Facebook Pinterest Twitter Google+ WhatsApp IndianaLocalNewsSports Pinterest Twitter Google+ Previous articleBig Indiana teachers rally prompting many school closings on Nov. 19Next articleVeterans Day: facts and perks Associated PressNews from the Associated Press and its network of reporters and publications. Notre Dame wide receiver Chase Claypool (83) catches a pass while Duke cornerback Leonard Johnson (33) defends during the first half of an NCAA college football game in Durham, N.C., Saturday, Nov. 9, 2019. (AP Photo/Gerry Broome) DURHAM, N.C. (AP) — Ian Book trusted his legs to pick up chunks of yardage for No. 15 Notre Dame. The touchdowns came from his arm.Book rushed for a career-best 139 yards and threw four touchdown passes and the Fighting Irish routed Duke 38-7 on Saturday night.Book finished 18 of 32 for 181 yards passing, Chris Finke caught touchdown passes of 18 and 6 yards, and Chase Claypool and George Takacs also had short scoring catches.C’Bo Flemister rushed 2 yards for a TD for the Fighting Irish (7-2, No. 15 CFP). In winning their second straight and fifth in six games, they rolled up 469 total yards, led 21-0 before the Blue Devils picked up their second first down and kept them at bay the rest of the way.“It’s hard to win in November,” Book said. “You want to win every single game in November. It’s huge. … We’re still playing for a lot of things here.”Book became the first Notre Dame quarterback with 100 yards both rushing and passing since Brandon Wimbush did it two years ago against Wake Forest.“He’s just a heck of a football player,” Duke coach David Cutcliffe said.Book has accounted for seven touchdowns in his last two games, both victories over Atlantic Coast Conference schools. He threw for two TDs last week against Virginia Tech, then rushed for the winning score with 29 seconds left to beat the Hokies.The Blue Devils kept him from crossing the goal line in this one, prompting Book to quip that “I need to get faster.“I need to get in the end zone,” he said. “I’m kind of upset about it. But fast DBs, they caught me. … I was able to get the first downs … but I want to get in the end zone.”Quentin Harris was 16 of 28 for 102 yards for Duke (4-5) with a 29-yard touchdown pass to Aaron Young late in the second quarter. The Blue Devils have lost three straight and four of five since starting 3-1.THE TAKEAWAYNotre Dame: The Fighting Irish rushed for 288 yards — their best game on the ground in a month — against a decent Duke run defense, and 148 of those yards came on three carries, runs of 45 and 53 yards by Book and a 40-yarder by Jahmir Smith. Both co-starters — Tony Jones Jr. and Jafar Armstrong — were back, but they combined for just 27 yards on 10 attempts.Duke: The Blue Devils have played three 2018 College Football Playoff programs in 12 months — Clemson last November, and Alabama and now Notre Dame this season — and lost them all by a combined 108-16, failing to reach double-figure scoring in any of them. This loss puts Duke in bowl jeopardy: The Blue Devils must win two of their final three — against Syracuse, No. 22 Wake Forest and resurgent Miami — to reach their third straight bowl game.“I’m concerned with where we are with a rhythm” on offense, Cutcliffe said. “We’ve got an approach where we’re going to work like we’ve always worked, but I think a study of what we’re doing right now is real important. … You don’t panic. … We’ve got three big football games in front of us that we can go win.”POLL IMPLICATIONSWhile the Irish certainly have a case to climb a bit higher in the polls, it could work against them that the teams ranked alongside them in the mid-teens lost this week.BOOKING ITBook had 86 yards rushing by halftime, surpassing his previous single-game best of 81 set in the opener at Louisville. He gained more yards on one rush — covering 45 yards in the second quarter — than the Blue Devils’ entire offense had to that point (36), then went for 53 yards in the first minute of the fourth quarter that set up Jonathan Doerer’s 43-yard field goal.TURNING POINTDuke missed on a couple of chances to make it a one-score game, first squandering Shaka Heyward’s interception of Book’s pass late in the second quarter when the drive stalled at the Irish 26 and AJ Reed pushed a 44-yard kick wide right. Then, the Blue Devils’ first drive of the second half ended when Troy Pride Jr. intercepted Harris’ pass for Scott Bracey and Notre Dame turned that takeaway into Book’s second scoring pass to Finck.UP NEXTNotre Dame: Plays host to No. 25 Navy on Saturday. WhatsApp Facebook Book throws 4 touchdowns as Notre Dame defeats Duke By Associated Press – November 10, 2019 0 356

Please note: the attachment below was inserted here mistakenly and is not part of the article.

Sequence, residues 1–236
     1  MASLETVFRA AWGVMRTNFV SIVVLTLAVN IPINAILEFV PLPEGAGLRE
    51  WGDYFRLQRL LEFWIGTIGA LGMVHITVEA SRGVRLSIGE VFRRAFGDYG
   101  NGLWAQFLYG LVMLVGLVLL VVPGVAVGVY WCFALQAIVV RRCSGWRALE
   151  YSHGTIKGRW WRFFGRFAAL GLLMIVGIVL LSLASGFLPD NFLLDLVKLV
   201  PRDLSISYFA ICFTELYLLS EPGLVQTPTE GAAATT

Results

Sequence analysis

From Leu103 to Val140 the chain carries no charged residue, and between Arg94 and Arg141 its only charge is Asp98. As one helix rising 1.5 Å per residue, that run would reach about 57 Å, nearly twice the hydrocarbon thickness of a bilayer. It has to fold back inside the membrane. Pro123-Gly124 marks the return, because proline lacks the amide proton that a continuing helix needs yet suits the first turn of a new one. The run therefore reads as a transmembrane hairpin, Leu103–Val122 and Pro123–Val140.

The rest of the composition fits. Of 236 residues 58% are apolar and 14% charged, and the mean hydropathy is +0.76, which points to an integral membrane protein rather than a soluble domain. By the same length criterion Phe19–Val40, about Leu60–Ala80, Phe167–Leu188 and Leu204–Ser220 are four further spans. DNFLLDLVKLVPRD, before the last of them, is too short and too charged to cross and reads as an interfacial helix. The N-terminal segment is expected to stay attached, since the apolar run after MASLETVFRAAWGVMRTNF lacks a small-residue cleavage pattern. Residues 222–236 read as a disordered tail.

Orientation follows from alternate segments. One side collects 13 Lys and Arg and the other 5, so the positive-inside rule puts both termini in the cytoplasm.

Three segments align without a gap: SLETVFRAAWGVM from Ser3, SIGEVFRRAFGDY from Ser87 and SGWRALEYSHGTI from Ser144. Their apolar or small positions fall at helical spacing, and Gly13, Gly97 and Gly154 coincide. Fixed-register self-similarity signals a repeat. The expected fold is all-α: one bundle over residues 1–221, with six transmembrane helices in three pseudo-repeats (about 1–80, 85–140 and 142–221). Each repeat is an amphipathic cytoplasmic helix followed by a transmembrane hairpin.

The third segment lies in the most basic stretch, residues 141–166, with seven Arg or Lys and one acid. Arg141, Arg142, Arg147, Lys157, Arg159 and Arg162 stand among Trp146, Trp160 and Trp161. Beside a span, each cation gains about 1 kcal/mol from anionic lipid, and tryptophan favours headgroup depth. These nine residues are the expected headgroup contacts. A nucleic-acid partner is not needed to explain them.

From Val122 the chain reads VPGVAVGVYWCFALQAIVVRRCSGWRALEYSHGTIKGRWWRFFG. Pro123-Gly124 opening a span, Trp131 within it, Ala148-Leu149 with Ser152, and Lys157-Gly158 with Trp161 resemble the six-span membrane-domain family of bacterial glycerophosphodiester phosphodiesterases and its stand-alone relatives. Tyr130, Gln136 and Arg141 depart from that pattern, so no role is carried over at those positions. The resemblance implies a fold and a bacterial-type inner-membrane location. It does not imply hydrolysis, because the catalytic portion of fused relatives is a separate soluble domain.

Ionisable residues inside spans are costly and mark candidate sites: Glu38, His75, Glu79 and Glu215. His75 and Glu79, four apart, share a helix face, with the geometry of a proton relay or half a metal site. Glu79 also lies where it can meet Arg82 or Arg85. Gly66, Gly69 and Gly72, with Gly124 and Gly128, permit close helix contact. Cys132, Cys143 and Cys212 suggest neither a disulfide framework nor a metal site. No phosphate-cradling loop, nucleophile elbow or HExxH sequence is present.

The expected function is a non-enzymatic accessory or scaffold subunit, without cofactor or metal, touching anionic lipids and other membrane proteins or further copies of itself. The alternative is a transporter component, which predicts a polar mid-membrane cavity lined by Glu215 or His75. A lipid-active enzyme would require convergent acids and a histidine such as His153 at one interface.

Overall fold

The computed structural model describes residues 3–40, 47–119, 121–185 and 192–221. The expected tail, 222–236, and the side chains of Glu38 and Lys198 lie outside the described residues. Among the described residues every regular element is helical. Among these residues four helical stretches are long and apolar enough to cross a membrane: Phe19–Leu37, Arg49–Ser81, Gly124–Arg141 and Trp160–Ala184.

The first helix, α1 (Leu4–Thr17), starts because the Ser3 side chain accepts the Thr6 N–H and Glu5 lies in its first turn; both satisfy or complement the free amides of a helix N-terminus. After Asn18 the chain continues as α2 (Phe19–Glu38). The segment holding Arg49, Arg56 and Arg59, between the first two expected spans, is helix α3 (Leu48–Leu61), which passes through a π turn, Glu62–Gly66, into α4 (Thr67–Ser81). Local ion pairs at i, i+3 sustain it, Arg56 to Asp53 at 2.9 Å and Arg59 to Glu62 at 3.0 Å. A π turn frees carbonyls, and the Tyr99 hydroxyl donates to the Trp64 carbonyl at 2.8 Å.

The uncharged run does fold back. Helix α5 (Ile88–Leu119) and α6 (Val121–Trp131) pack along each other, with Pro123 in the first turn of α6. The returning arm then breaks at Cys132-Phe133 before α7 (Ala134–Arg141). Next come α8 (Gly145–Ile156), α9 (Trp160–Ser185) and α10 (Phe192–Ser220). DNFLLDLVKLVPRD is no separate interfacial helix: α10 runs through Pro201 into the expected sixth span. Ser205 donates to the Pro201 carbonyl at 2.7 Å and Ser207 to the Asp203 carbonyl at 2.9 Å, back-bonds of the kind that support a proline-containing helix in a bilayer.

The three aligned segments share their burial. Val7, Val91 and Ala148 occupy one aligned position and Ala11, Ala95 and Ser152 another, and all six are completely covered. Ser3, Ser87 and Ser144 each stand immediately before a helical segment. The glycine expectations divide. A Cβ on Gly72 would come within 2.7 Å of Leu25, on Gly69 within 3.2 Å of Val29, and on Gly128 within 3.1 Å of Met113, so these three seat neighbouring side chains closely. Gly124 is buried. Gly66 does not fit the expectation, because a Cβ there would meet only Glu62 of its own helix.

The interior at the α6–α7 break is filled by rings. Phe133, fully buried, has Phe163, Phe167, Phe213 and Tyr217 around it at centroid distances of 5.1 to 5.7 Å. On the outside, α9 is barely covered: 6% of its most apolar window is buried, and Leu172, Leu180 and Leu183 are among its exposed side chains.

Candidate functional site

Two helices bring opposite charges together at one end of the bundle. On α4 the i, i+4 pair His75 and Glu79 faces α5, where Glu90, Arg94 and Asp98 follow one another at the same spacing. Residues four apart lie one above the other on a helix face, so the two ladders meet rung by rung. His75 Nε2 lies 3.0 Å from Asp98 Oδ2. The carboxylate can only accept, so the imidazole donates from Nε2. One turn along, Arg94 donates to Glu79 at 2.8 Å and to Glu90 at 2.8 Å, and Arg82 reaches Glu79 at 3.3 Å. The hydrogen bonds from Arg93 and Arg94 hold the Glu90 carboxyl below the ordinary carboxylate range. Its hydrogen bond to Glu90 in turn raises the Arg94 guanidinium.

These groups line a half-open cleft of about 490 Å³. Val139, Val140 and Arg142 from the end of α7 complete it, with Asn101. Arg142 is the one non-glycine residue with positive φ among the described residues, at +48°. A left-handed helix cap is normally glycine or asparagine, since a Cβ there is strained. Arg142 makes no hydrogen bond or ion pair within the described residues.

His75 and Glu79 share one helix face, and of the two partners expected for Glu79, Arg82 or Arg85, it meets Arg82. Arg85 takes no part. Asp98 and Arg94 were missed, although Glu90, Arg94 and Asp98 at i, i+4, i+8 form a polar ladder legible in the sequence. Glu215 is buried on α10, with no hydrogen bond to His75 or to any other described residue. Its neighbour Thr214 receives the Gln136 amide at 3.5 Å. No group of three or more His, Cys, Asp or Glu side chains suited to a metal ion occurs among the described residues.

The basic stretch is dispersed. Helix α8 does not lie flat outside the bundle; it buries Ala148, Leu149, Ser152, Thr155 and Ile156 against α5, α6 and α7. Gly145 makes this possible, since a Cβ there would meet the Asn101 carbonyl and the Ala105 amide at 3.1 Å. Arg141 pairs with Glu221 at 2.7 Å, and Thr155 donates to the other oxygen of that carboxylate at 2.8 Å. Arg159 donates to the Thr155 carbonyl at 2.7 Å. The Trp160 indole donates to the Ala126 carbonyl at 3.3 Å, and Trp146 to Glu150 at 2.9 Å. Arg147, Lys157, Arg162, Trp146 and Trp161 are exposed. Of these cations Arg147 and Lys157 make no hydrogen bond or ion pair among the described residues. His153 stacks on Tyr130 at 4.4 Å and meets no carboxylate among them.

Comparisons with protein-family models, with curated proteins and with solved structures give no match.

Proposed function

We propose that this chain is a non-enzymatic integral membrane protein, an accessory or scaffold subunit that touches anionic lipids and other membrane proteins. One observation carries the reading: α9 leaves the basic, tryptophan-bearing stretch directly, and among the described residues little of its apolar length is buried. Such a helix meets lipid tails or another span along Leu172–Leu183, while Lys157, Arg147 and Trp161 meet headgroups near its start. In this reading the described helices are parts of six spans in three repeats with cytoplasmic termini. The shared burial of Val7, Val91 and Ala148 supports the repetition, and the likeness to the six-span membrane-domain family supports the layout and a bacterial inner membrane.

McConalogue twice tested negative last week before and after he attended a two-day meeting of the EU’s Agriculture and Fisheries Council in Brussels. But he tested positive after taking a post-Cabinet test Tuesday. It’s the first positive coronavirus test recorded by a member of the Irish government. The country’s 160-member lower house of parliament has been meeting since July in the 3,000-seat Dublin Convention Centre to ensure sufficient physical distancing. Besides McConalogue, the only other member to have been confirmed as contracting COVID-19 is Mary Lou McDonald, leader of the main opposition Sinn Féin party, who was stricken during the early weeks of the pandemic but recovered in April.Tuesday’s Cabinet meeting approved an accelerated return to a national lockdown, starting on Christmas Eve when all hospitality and personal services firms, such as restaurants and hairdressers, must shut by 3 p.m. It will be Ireland’s third national lockdown and comes just three weeks after the previous restrictions were eased.Family gatherings that had been approved to run until the first week of January now must end on the day after Christmas, called St. Stephen’s Day in Ireland.Deputy Prime Minister Leo Varadkar, who is among those being tested Wednesday, says restaurants and other social venues may not be allowed to reopen until March, depending on how quickly Ireland is able to source and deliver coronavirus vaccines. DUBLIN — Ireland’s government has been hit by its first confirmed COVID-19 case shortly after the Cabinet met to approve a new nationwide lockdown.Agriculture Minister Charlie McConalogue confirmed Wednesday that he has tested positive for the virus and is self-isolating at home. The news means that the rest of Ireland’s 15-member Cabinet and other officials are being tested and are minimizing their own contacts pending their results. They all are presumed to have come into close contact with McConalogue during Tuesday’s three-hour Cabinet meeting at which the fresh lockdown was approved. It was held in Dublin Castle rather than in the much closer quarters of the Cabinet table in Prime Minister Micheál Martin’s office, in an attempt to reduce infection risk.